Just a Monday rant here. So I was in a nice little climbing area yesterday called the Kampenwand. It has lots of short climbs, up to 5 pitches in length, where a pitch over 30 meters is an exception. Many of the routes are very old, with plenty of history and polish to them. The routes all seem to have bolted belays, but refreshingly, require nuts and cams in between, except where a bolt or piton was the only opportunity to protect. Anyway, I don't mean to get off subject describing the climbing area too much but it's some background context.
To me, this area screams for a shorter rope. We brought our (semi-obligatory) double ropes, somewhat outdated for being 50 meters, but then left one rope at a pack to run the classic traverse route of the massif with a doubled 50 meter rope, limiting us to 25 meter pitches when we needed to belay. We screamed through the ridge, despite my several attempts to get us off route (long story), having a blast on the polished but beautiful holds. Pitched out it's something like 15 pitches. We belayed 6 ~20 meter pitches and simul-climbed the rest. We were constantly passing parties where a belayer was standing in a tangled mess of twin 60 meter ropes. I was confirmed in my feeling that small-scale routes like this benefit from an old-school approach to ropes: just bring what is adequate and no more! We didn't really climb any faster than these other parties, but by avoiding the constant coiling and paying out of vast unused acreage of rope, we went much faster.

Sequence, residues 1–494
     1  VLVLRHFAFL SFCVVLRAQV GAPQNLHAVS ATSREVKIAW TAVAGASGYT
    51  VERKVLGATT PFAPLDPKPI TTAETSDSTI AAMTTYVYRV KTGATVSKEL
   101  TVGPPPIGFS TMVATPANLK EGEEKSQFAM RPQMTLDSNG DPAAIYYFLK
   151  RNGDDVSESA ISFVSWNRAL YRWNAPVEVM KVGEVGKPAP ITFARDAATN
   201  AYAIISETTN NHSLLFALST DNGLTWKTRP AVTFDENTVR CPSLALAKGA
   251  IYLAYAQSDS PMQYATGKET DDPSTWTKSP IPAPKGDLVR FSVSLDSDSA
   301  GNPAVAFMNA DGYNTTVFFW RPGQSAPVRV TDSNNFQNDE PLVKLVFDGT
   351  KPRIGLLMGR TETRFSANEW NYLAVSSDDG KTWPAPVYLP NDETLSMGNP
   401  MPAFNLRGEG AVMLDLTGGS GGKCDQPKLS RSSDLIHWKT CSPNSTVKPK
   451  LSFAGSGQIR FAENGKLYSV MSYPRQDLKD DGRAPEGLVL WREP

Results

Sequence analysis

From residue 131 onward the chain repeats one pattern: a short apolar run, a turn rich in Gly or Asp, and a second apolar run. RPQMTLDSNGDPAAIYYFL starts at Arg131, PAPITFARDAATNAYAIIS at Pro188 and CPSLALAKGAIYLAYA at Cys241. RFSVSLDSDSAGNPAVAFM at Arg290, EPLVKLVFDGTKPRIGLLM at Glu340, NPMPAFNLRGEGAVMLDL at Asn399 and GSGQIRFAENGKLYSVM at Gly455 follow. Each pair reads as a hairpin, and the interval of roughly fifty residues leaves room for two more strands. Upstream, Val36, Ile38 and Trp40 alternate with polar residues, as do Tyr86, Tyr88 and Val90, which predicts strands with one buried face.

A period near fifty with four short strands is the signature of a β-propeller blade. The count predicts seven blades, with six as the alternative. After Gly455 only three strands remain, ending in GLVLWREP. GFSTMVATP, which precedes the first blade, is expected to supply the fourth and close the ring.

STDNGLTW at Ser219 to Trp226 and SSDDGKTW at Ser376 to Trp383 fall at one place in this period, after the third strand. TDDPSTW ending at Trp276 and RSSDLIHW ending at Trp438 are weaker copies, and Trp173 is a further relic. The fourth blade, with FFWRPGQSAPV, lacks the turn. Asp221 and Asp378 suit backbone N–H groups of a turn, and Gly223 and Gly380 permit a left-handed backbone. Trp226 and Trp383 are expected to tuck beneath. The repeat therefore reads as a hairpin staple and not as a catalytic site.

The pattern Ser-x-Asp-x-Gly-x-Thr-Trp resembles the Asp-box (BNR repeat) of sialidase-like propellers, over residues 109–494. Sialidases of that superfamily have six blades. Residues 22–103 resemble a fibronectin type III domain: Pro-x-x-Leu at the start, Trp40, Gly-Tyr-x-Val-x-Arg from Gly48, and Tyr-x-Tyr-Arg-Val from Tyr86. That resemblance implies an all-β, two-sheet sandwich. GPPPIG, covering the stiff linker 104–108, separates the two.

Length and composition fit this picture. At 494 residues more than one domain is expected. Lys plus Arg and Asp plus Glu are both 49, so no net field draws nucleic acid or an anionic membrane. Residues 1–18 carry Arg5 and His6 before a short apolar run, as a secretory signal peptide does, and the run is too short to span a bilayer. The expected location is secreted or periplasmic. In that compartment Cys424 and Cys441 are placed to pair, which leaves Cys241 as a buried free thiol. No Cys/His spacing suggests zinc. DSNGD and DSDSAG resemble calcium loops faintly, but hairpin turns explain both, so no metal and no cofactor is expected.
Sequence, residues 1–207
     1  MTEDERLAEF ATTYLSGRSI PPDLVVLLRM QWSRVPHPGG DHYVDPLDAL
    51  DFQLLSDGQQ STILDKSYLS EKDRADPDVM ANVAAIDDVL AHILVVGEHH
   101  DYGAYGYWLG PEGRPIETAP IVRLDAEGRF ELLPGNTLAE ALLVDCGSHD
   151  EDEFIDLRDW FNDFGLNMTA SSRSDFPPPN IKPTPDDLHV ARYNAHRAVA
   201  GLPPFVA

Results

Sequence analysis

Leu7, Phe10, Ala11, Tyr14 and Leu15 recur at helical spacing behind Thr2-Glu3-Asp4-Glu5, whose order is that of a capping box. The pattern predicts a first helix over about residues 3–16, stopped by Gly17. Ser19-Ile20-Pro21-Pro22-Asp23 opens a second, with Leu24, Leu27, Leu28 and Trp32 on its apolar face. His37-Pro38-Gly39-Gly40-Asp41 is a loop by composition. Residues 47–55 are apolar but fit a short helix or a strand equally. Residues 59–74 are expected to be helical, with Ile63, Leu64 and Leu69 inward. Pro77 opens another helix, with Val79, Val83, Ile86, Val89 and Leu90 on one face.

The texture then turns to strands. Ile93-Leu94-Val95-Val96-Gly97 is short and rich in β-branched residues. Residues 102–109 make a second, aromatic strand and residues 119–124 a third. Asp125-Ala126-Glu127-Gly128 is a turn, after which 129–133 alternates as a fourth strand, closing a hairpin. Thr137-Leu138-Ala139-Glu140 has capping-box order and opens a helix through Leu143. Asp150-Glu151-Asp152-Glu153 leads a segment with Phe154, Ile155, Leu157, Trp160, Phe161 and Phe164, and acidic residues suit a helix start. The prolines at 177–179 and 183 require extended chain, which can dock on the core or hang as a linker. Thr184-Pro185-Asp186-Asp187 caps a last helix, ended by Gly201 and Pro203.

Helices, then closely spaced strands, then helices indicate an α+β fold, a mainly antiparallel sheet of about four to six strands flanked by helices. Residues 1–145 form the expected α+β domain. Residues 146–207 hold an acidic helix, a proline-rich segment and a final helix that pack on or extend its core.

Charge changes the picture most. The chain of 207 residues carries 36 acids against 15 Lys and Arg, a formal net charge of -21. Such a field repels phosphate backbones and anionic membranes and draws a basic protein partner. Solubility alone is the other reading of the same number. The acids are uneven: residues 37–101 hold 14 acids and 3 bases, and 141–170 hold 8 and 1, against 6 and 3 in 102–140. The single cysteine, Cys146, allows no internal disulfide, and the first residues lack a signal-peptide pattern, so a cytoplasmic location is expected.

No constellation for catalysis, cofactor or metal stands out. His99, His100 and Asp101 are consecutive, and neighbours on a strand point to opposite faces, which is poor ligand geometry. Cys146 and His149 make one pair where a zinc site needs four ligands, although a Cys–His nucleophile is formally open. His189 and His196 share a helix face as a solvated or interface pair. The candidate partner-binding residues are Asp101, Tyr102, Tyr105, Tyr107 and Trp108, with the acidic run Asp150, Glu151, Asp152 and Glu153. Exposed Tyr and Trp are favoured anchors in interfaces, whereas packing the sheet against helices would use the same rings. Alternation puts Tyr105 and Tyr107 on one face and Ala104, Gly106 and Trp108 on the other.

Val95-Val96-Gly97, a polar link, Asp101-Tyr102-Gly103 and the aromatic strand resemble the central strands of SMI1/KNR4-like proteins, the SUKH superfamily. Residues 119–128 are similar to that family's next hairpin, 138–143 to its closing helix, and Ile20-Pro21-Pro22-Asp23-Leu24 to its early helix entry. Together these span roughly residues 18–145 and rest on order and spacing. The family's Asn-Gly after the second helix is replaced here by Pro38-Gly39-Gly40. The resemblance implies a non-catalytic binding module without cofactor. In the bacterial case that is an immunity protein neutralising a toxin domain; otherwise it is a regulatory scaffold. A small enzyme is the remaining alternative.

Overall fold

Despite this nugget of wisdom, we got some funny looks and questions. Now not being a total rube, I know all kinds of great reasons for longer ropes. I just think it's worth thinking about where you are going and what the plan is when you leave the house. I'd love to hear some stories from others who felt this way sometimes, or on the opposite side, tell me about the knuckleheads who ended up stranded on a godforsaken perch because of a smug adoption of a short-rope strategy.